How to Stop Losing Money on the Right View In the global macro community, it’s fairly common to express a general view on commodities, or even a specific one, by positioning via a highly correlated instrument. Let’s say you are bullish oil for example, you might get long one of the traditional commodity currencies such as the Canadian Dollar (CAD), Mexican Peso (MXN) or Russian Ruble (RUB). Looking at the charts lining the right side of this page, it would seem that really any of these would make for an excellent proxy.
These are the kinds of charts that salespeople and analysts like to include when making trade suggestions, and for good reason. By appealing to our inherent desire to simplify what is a rather complex world with a nice, neat, coherent story where A leads to B and B leads to C, they get us to take action. Unfortunately, neither the world, nor our investment mandates work so linearly, and that creates some real problems. It is what often leads to us getting our view right, while simultaneously experiencing losses.
There are a couple of key issues we are dealing with here. Firstly, you have to not only get your view on oil right, you have to do so both in the long run and the short. Secondly, the commodity currency must also be highly correlated not just in the long run, but in the short run as well. That last aspect is made all the more significant when markets become more volatile, as they have been recently.
Before I detail how difficult a task this is, and particularly just how much more difficult you have made it for yourself by using what is essentially a derivative instrument, let’s take a look at a classic study from cognitive psychology, published by Kahneman and Tversky in 1983, that can provide some perspective. It’s called “The Linda Problem”.
Linda is 31 years old, single, outspoken and very bright. She majored in philosophy. As a student, she was deeply concerned with issues of discrimination and social injustice, and also participated in anti-nuclear demonstrations.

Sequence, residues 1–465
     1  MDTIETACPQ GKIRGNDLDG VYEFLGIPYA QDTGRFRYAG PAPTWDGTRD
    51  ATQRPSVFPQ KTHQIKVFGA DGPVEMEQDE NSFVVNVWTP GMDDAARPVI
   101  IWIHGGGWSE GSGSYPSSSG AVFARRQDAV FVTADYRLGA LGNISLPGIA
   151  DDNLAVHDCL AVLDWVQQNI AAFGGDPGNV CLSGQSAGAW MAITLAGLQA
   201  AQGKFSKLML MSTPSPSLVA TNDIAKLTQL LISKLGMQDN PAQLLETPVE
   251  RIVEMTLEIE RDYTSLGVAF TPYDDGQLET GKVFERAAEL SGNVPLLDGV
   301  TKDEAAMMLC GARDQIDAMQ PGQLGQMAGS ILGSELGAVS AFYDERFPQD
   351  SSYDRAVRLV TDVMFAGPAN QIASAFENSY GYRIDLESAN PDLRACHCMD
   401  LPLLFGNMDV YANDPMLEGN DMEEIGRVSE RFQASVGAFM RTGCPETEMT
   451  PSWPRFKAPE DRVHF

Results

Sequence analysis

Rank the following from most to least likely to be true:
Linda is a teacher in elementary school.
Linda works in a bookstore and takes Yoga classes.
Linda is active in the feminist movement.
Linda is a psychiatric social worker.
Linda is a member of the League of Women Voters.
Linda is a bank teller.
Linda is an insurance salesperson.
Linda is a bank teller and is active in the feminist movement.
85% of respondents ranked H as more likely than F, a statistically impossible occurrence. At best, they could be equally likely, but that would mean that every single female bank teller is active in the feminist movement.
What Kahneman and Tversky were attempting to exhibit is an inherent flaw in our judgment called Representative Conjunction Fallacy. It combines the representative heuristic (a fancy term for mental shortcut), wherein we note some key characteristic of someone or something, and elevate its importance well beyond its statistical significance. In Linda’s case, most of us see the feminist label as highly representative of who she is, while the bank teller label is far less certain. Therefore, it’s easier to see her as a feminist who happens to be a bank teller, than simply being a bank teller.
It’s a very similar leap that we make when we develop a bullish view on oil. Let’s consider a few possible (& fictitious) reasons for our optimism on oil. Perhaps OPEC has made some comments reflecting their displeasure with current low levels, consumption numbers have unexpectedly increased recently, a pipeline project has been shutdown or fear of war is growing in one of the major oil production countries. (Note: This list is fictitious, created purely for the purpose of a hypothetical analysis.) These are all excellent reasons to tilt the odds in favor of higher oil prices rather than lower.
Given this information, rank the following from most to least likely to occur:
Oil goes up
Oil and Commodity Currencies go up
Commodity Currencies go up
Fact is, when you imagine oil going higher, it’s difficult to imagine that a country like Russia, what many see as a one trick pony, and its currency, not benefitting as well. Intuitively, it makes sense, and when combined with the charts above, it only serves to solidify that intuition. Still, let’s dig a bit into the data, just to confirm what we feel in our gut.
On a quarterly basis over the past 5 years, WTI has a 0.78 correlation to the Russian currency against the Dollar (RUB/USD), confirming what jumped out at us in the chart. So you might put on a short USD / long RUB position in anticipation of higher oil prices. Maybe we diversify a bit, going long CAD and MXN as well. In that moment, when we have a clear view and thoughtfully establish a position to express it, it’s difficult to imagine how many different ways our p&l can diverge from the path of that vision. It seems almost unfathomable that oil could trade 20% stronger 6 months from now, yet we somehow lost money not just on these 3 positions, but “hedges” that were established along the way. Unfortunately, it happens all the time.